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Coastal fish weirs at West Mersea, 570m south east of St Peter's Well

List Entry Summary

This monument is scheduled under the Ancient Monuments and Archaeological Areas Act 1979 as amended as it appears to the Secretary of State to be of national importance. This entry is a copy, the original is held by the Department for Culture, Media and Sport.

Name: Coastal fish weirs at West Mersea, 570m south east of St Peter's Well

List entry Number: 1019104

Location

The monument may lie within the boundary of more than one authority.

County: Essex

District: Colchester

District Type: District Authority

Parish: West Mersea

National Park: Not applicable to this List entry.

Grade: Not applicable to this List entry.

Date first scheduled: 06-Oct-2000

Date of most recent amendment: Not applicable to this List entry.

Legacy System Information

The contents of this record have been generated from a legacy data system.

Legacy System: RSM

UID: 32402

Asset Groupings

This list entry does not comprise part of an Asset Grouping. Asset Groupings are not part of the official record but are added later for information.

List entry Description

Summary of Monument

Legacy Record - This information may be included in the List Entry Details.

Reasons for Designation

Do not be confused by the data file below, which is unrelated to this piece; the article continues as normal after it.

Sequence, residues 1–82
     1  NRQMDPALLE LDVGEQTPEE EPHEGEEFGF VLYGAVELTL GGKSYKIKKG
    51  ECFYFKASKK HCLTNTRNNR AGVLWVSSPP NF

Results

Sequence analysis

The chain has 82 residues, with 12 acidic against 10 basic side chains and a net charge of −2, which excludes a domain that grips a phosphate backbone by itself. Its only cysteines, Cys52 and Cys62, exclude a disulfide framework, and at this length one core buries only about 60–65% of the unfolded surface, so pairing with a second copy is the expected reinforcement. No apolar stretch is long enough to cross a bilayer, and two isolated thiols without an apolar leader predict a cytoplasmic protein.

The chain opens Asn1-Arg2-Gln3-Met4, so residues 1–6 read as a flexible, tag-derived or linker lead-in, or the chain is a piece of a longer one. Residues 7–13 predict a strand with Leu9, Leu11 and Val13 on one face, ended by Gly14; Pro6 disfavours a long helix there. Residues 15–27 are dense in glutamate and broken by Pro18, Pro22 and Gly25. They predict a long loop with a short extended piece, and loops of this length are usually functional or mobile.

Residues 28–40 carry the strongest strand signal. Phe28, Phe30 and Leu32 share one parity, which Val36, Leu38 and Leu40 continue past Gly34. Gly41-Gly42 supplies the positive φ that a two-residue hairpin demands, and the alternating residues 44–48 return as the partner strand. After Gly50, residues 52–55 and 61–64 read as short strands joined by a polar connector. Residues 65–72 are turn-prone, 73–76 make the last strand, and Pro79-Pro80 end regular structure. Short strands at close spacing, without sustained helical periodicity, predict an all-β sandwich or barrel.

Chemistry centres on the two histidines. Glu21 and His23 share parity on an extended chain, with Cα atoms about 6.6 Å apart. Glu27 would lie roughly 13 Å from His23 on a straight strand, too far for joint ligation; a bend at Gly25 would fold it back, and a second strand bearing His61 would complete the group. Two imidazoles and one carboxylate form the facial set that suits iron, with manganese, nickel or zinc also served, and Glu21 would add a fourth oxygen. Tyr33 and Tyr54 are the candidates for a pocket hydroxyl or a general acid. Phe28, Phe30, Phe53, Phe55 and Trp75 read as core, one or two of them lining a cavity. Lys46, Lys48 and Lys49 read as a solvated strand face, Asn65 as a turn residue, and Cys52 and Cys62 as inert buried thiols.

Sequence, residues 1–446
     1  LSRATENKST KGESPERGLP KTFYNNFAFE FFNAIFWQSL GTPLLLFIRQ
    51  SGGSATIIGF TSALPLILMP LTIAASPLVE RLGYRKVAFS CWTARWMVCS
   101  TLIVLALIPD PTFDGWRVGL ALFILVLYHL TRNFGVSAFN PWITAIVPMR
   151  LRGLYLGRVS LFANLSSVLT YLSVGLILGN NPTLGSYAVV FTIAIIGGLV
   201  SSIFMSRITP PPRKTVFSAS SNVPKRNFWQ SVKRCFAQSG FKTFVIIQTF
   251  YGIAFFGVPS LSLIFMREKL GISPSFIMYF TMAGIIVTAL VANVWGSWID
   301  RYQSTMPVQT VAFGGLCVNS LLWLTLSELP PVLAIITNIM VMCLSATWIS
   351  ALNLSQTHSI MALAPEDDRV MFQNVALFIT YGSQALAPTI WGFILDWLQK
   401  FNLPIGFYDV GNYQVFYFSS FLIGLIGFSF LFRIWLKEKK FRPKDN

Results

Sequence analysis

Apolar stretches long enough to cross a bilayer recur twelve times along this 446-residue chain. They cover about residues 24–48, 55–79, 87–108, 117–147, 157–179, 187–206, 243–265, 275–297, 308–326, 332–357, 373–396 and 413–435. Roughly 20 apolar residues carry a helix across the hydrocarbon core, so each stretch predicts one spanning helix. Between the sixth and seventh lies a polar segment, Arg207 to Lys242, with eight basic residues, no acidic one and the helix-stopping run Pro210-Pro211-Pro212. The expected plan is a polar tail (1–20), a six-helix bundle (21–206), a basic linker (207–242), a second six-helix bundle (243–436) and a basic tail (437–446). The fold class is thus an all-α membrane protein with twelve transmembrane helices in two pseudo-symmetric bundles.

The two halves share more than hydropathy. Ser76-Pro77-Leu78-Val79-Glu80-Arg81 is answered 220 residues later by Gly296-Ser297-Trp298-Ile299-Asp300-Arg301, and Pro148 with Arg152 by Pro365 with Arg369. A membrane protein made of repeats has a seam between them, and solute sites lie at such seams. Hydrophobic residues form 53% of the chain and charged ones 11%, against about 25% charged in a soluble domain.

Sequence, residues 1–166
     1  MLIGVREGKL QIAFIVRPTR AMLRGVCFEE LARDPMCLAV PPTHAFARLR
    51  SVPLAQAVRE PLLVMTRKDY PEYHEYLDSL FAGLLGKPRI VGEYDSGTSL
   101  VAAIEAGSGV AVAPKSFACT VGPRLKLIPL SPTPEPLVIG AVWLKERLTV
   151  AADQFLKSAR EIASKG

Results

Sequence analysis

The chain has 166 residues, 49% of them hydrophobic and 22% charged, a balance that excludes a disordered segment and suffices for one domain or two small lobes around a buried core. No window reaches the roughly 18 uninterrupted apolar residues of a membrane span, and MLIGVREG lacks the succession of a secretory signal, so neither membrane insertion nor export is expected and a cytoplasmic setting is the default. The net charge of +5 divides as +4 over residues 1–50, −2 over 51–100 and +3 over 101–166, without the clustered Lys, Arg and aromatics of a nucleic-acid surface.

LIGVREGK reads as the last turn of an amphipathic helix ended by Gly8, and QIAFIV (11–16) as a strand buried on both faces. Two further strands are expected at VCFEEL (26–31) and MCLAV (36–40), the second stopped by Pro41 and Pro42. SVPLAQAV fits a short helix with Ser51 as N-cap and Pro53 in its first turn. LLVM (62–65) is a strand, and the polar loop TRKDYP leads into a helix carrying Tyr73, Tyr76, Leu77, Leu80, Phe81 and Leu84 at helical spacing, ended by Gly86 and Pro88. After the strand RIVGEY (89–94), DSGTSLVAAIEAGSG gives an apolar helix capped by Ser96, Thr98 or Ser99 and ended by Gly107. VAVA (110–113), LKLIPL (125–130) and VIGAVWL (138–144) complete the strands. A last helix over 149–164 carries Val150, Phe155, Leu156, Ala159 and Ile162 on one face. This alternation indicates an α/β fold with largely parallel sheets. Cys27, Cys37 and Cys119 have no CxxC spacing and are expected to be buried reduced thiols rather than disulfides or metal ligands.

Coastal fish weirs are artificial barriers created within the inter-tidal zone, using stone walls, wattle or timber fencing to channel fish into traps. The most common form of weir (a term derived from `were' - an Anglo-Saxon word meaning fish trap) is a simple `V'-shaped arrangement of walls, frequently 100m or more in length. Baskets or nets would be placed at the point of the `V' which would normally be orientated seaward so as to draw in the fish with the receding tide. Weirs may also be rectangular or more linear in appearance with traps located either in corners or set within spurs attached to the main walls. Placed in gently shelving coastal or estuarine locations, the weirs would become sufficiently exposed at low water for the fish to be collected and, in some instances, for initial processing (gutting, filleting) to take place on site. Stationary fish traps are known to have been used since the Mesolithic period, although the earliest examples to leave strong visible traces around the coastline belong to a tradition dating from the early medieval or Anglo-Saxon period. Documentary evidence from the 10th century onwards suggests that fish weirs were largely the preserve of the upper echelons of medieval society, maintained either by larger manors or by religious houses. In addition to the obvious advantage of a constant food supply, the produce from the fish weirs provided economic benefit, indicated social status and could aid compliance with the religious dietary strictures of the period. Large fish weirs were still used in the Severn Estuary until the early 20th century, and their small-scale use persists here and in other parts of the British Isles to this day. In general, however, the practice reached its peak between the 12th and 14th centuries, hereafter declining in the face of growing commercial sea fishing. The remains of about 500 fish weirs are estimated to survive around England's coast. Those of medieval or earlier date which demonstrate a high degree of preservation, and particularly those which form groups or have demonstrable links with manorial or ecclesiastical estates, will normally be considered to be of national importance and worthy of protection.